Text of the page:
Response 5: I am not sure why this is being requested. This is usually done for the minor children. However, I am speculating that she wants to make sure that her alimony payments would not be affected in case of your passing. Nevertheless, you should object to this with the Court.
Finally, the documents submitted for the conference are asking for 1500 per month in alimony/maintenance for the next 10 years. We haven't even discussed this in addition I could not afford it based on my salary and they're requesting I pay all of the outstanding debts except the house payment. There is no possible way in the next 10 years that I would be able to accumulate the wealth/assets my wife has. Please advise your thoughts, why can they continue to ask for this? is there some law that would allow such a disproportionate distribution? Response 6: There is no law that justifies their unreasonable request. The Court is not going to order you to pay for something you cannot afford. So, you need to make sure to go to the hearing on Monday prepared. Bring your current financial documents such as pay stubs, recent income tax returns, monthly expenses to show the Court that your income cannot support the payment that your spouse is asking.
What they're asking for doesn't allow me any money from the joint accounts.
Response 7: That would be a nonstarter for me. You are entitled to the funds in the joint bank accounts. The funds are marital assets. She should be made to account for the transfers or the funds transferred from the joint accounts to her separate accounts should be charged against her. Finally, she cannot be seeking that much in alimony when she just inherited $600,000.00. That inheritance should be factor when the Court decides Alimony. You need to make sure that you bring it up. See RCW Section 26.09.090.
Maintenance orders for either spouse or either domestic partner — Factors.
(1) In a proceeding for dissolution of marriage or domestic partnership, legal separation, declaration of invalidity, or in a proceeding for maintenance following dissolution of the marriage or domestic partnership by a court which lacked personal jurisdiction over the absent spouse or absent domestic partner, the court may grant a maintenance order for either spouse or either domestic partner. The maintenance order shall be in such amounts and for such periods of time as the court deems just, without regard to misconduct, after considering all relevant factors including but not limited to: (a) The financial resources of the party seeking maintenance, including separate or community property apportioned to him or her, and his or her ability to meet his or her needs independently, including the extent to which a provision for support of a child living with the party includes a sum for that party; (b) The time necessary to acquire sufficient education or training to enable the party seeking maintenance to find employment appropriate to his or her skill, interests, style of life, and other attendant circumstances; (c) The standard of living established during the marriage or domestic partnership; (d) The duration of the marriage or domestic partnership; (e) The age, physical and emotional condition, and financial obligations of the spouse or domestic partner seeking maintenance; and (f) The ability of the spouse or domestic partner from whom maintenance is sought to meet his or her needs and financial obligations while meeting those of the spouse or domestic partner seeking maintenance.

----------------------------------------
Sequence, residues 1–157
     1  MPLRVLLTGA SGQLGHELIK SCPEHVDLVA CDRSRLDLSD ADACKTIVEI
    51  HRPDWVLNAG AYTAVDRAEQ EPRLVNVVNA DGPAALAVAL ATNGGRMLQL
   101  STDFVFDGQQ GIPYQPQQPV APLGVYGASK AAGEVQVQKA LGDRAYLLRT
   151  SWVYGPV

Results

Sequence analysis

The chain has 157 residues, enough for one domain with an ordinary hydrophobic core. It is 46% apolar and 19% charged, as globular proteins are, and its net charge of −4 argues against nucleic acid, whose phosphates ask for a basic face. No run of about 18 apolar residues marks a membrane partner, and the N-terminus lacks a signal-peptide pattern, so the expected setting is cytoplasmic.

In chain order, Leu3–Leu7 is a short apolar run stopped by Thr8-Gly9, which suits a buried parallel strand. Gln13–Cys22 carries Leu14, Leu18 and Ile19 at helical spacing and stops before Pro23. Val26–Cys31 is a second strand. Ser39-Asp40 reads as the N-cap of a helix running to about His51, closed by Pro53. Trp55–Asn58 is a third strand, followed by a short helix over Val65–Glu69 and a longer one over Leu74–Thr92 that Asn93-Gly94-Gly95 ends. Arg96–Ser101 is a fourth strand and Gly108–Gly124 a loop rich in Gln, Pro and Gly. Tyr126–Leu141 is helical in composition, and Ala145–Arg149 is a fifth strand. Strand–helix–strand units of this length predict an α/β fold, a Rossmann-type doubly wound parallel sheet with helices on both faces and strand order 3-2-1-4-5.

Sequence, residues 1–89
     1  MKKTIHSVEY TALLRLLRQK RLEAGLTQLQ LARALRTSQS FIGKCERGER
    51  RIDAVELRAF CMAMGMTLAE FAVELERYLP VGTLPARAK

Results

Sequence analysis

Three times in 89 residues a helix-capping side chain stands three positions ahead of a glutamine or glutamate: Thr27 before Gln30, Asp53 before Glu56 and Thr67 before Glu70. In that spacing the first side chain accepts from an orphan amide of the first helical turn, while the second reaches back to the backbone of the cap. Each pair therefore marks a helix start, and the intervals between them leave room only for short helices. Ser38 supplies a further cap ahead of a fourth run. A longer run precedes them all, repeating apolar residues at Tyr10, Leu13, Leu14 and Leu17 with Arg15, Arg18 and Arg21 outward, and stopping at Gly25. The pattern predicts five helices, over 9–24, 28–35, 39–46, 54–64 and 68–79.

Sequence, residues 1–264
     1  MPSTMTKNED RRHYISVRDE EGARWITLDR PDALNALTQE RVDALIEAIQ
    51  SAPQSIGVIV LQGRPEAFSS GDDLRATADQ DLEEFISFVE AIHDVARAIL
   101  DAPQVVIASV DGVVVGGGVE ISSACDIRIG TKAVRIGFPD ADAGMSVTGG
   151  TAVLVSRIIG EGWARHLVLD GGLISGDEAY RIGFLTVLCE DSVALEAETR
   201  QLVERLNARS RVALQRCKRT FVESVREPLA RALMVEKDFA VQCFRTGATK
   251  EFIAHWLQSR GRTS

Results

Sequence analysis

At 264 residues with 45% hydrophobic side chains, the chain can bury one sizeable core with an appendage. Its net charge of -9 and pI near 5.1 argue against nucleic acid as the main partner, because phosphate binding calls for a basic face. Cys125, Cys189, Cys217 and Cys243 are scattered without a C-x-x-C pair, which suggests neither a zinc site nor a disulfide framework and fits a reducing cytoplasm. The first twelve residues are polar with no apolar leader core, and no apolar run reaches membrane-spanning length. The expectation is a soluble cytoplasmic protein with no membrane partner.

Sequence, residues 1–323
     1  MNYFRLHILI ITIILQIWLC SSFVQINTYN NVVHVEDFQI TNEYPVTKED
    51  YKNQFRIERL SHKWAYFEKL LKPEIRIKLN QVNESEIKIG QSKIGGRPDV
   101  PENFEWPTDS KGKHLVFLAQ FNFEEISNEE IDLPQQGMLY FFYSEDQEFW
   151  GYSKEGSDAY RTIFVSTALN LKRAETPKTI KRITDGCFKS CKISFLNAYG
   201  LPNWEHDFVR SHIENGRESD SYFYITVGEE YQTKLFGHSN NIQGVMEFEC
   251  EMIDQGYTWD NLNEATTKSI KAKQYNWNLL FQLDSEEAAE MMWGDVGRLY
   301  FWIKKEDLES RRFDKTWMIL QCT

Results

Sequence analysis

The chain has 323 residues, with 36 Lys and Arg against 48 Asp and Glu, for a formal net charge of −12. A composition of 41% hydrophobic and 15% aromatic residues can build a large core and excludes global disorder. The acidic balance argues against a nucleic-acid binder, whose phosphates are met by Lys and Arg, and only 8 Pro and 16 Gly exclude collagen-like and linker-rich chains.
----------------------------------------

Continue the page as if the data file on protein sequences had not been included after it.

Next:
Let me know if you need further clarification.
All the best,
Thank you VERY much. I really appreciate your suggestions and reference to Washington State law. In regards XXXXX XXXXX petition this was filed by my wife not jointly. Take care, I might send you a note to let you know how it turned out. The answers were very concise and will help me with my case Monday.